Orwell's words are still fresh. . .
At the DC protest yesterday, on a nearby street corner, a handful of Iraqi-Americans staged a counterdemonstration. Aziz al-Taee, spokesman for the Iraqi-American Council, said, "I think America is doing just fine. ... We think every day Saddam stays in power, he kills more Iraqis."
These are people who, unlike the vast majority of "anti-war" activists, actually lived under Saddam and know that without war, he will continue to oppress the people of Iraq with murder, torture and starvation.
Orwell wrote "To abjure violence it is necessary to have no experience of it." In his experience, Pacifists acted primarily in support of their own domestic political motives and propounded a moral relativism that echoes what we are hearing today. Prime Minister Blair is assailed as misguided and President Bush - not Saddam Hussein or Osama Bin Laden - is declared the greatest threat to world peace, and - in the Canadian manifesto - a "thug" to boot.
It has been heard before. "Pacifist propaganda," Orwell wrote in the 1940s, "usually boils down to saying that one side is as bad as the other, but if one looks closely at the writings of the younger intellectual pacifists, one finds that they do not by any means express impartial disapproval but are directed almost entirely against Britain and the United States. Moreover they do not as a rule condemn violence as such, but only violence used in defense of the western countries."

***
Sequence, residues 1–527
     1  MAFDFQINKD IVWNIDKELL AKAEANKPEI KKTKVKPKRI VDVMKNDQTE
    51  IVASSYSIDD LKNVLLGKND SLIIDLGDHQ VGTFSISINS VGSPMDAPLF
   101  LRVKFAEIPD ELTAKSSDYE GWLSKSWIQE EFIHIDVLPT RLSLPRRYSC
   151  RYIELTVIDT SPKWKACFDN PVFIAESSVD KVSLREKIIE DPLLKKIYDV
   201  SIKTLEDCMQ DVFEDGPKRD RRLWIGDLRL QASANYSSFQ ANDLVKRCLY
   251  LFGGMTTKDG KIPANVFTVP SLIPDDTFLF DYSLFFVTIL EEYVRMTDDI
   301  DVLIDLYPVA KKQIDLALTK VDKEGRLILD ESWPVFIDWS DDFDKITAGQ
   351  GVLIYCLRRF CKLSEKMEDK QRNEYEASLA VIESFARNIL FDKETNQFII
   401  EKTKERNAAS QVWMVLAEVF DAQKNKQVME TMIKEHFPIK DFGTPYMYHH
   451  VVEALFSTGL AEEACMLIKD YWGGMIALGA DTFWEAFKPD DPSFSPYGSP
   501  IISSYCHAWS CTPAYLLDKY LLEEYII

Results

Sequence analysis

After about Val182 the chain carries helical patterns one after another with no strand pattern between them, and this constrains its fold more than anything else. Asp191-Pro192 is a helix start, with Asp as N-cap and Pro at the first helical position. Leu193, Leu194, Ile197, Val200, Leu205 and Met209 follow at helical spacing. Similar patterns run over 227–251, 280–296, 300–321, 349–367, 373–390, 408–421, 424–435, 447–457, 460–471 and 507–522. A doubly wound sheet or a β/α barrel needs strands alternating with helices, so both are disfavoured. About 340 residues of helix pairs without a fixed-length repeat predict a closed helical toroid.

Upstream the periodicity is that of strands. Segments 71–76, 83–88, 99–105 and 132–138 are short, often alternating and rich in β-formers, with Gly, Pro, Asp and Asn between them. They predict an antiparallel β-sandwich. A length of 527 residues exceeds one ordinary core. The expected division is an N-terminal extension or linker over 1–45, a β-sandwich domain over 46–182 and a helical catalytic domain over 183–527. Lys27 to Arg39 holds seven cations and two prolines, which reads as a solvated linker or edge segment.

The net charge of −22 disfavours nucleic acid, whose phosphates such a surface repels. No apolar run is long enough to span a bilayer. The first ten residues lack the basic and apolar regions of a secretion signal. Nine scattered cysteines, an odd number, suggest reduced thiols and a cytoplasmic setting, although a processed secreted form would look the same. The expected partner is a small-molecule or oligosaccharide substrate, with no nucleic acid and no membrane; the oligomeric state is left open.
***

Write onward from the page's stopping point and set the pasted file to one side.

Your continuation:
This was plainly evident in an incident on the remote Philippine island of Basilan. Upon the completion of a six month U.S. military advisory mission in July, a contingent of Manila activists arrived to mount a demonstration during the troops' media-covered departure. To their surprise and consternation, the activists' buses were met by local Basilan residents who greeted them with a hail of rocks and invective. The counter-demonstrators later explained to journalists that they liked the American soldiers and they were grateful for the logistic and advisory support which had helped the Philippine army establish a measure of peace and security not known for many years. These simple people were not going to allow their more worldly countrymen from the metropolis of Manila to undermine any future need of U.S. assistance.
As the debate over Iraq approaches resolution, the voices of these ordinary people will not be heard as loudly as those of activists, academics and celebrities in distant cities and countries. Yet in facing oppression and the risk of terror in their daily lives, they have a far better understanding of the real world we live in. Even in a utopia of peace and understanding, force - and the threat of force - is the reality underpinning civilization. No doubt liberated Afghans, ordinary Iraqis, starving North Koreans, and the people of New York City and Bali appreciate this more than most. George Orwell certainly did and of pacifist ideals he was quite clear. "One has to belong to the intelligentsia to believe things like that: no ordinary man could be such a fool."
Original: Deja vu